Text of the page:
‘1000 Rupee Note’ Recalls the Neorealists but Misses Their Heart


In subject matter if not quite in form, Shrihari Sathe’s 1000 Rupee Note evokes classic neorealist dramas. A tale about what befalls a poor, elderly woman in a small Indian village after she suddenly receives a small fortune, the film takes an allegorical, symbolic story and sets it within a milieu that suggests authentic life. But it never quite reconciles the tonal dissonance at the heart of this idea — there’s great emotional potential here, but we experience the whole thing at a remove.

Budhi (Usha Naik) is a lonely but cheerful widow living in a rural part of Maharashtra, haunted by the memory of a son who committed suicide when unable to pay his debts. Perhaps to help fill that void, Budhi is quite close to her young neighbor Sudama (Sandeep Pathak) and his family. One night, at an election rally for a local politician, she and the young man find themselves in a receiving line as the candidate cavalierly hands out 100-rupee notes to the attendees in exchange for their votes. Hearing about Budhi’s dilemma — her son’s death was in all the papers — the politician hands her a 1,000-rupee note.

Based strictly on the exchange rate, 1,000 rupees doesn’t amount to much, but in small-town India, it’s evidently a windfall. The newfound money changes Budhi’s life, but not for the better. Now the villagers from whom she gets her daily cup of milk and other meager supplies are reluctant to help her out. When she and Sudama head into town for some serious shopping — she wants to buy for him and his family the clothes that she wishes she could buy for her dead son — they face the impracticalities of so large a bill. The note gets deemed too big to break and even counterfeit, resulting in an extended encounter with the (galactically corrupt) police. Things go from bad to worse to comical to near-tragic.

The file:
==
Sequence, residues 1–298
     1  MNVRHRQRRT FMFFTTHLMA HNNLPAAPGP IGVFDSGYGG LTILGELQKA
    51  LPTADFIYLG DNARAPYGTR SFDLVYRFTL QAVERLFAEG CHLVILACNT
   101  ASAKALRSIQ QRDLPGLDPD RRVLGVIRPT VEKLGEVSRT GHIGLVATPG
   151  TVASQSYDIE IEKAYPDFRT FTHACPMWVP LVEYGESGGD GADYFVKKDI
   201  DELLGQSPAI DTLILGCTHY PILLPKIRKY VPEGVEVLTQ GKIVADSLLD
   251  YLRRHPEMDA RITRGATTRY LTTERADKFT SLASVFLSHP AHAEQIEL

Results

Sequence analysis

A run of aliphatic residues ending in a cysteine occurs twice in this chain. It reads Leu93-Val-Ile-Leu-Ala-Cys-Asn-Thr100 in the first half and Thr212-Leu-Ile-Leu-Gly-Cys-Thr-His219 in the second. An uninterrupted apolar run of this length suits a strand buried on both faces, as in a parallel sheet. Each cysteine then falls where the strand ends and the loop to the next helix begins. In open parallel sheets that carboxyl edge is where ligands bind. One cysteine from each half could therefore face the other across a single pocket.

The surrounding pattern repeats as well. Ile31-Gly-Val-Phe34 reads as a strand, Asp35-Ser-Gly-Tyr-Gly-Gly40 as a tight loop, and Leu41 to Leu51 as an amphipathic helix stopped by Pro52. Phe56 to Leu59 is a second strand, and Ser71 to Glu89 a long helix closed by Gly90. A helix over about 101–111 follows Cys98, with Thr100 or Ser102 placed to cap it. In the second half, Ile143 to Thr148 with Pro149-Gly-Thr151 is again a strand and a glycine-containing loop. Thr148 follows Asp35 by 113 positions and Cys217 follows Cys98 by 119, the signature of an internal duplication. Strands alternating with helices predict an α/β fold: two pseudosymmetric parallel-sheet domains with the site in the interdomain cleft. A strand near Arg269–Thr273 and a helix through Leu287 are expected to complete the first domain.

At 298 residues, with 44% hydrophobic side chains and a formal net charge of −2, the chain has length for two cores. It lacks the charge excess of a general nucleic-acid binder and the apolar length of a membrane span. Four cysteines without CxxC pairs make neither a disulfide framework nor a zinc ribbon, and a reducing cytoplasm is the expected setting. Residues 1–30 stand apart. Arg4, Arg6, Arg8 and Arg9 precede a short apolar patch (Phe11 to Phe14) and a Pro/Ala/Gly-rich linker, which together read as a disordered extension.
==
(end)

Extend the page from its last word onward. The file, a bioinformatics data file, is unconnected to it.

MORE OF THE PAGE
Writer-director Sathe has an interesting idea here: What starts off as a careful-what-you-wish-for fable gradually turns into a more pointed, politically charged tale about the immutability of human greed and cruelty. But the film never pulls us in the way I suspect Sathe wants it to. The director’s often static, wide frame captures his authentic settings, but his style doesn’t quite have the elegance or visual dynamism required to pull off such long takes; there’s austerity, and then there’s dullness. Meanwhile, the functional writing and all-too-restrained performances mean that the film often loses sight of the characters. I rarely found myself drawn into Budhi’s world, either to her sadness or her joy, despite a couple of flashbacks to her tragic past that should, by all rights, be devastating. And while the escalating (and even kind of surreal) complications of the elderly woman’s newfound cash are interesting, they never fully evoke the world’s jaded indifference. Much of the drama feels manufactured, inorganic.

The great Italian neorealist films, we sometimes forget, were also melodramas: They used real-world settings and nonprofessional actors, but they also placed them in emotionally explosive tales. That ethos has transformed and fragmented over the decades into a variety of new strands: Think of the gritty immediacy of the Dardenne Brothers, or the mesmerizing control of the Romanian New Wave. These filmmakers have all brought their own modifications to the realist tradition, but they’ve never lost sight of the emotion; they’ve never forgotten the dynamite. Sathe’s intentions are noble, and his film is not without its moments, but it loses force as it proceeds, until it pretty much fizzles out completely.

1000 Rupee Note

Written and directed by Shrihari Sathe

Kino Lorber

Opens September 23, Village East Cinema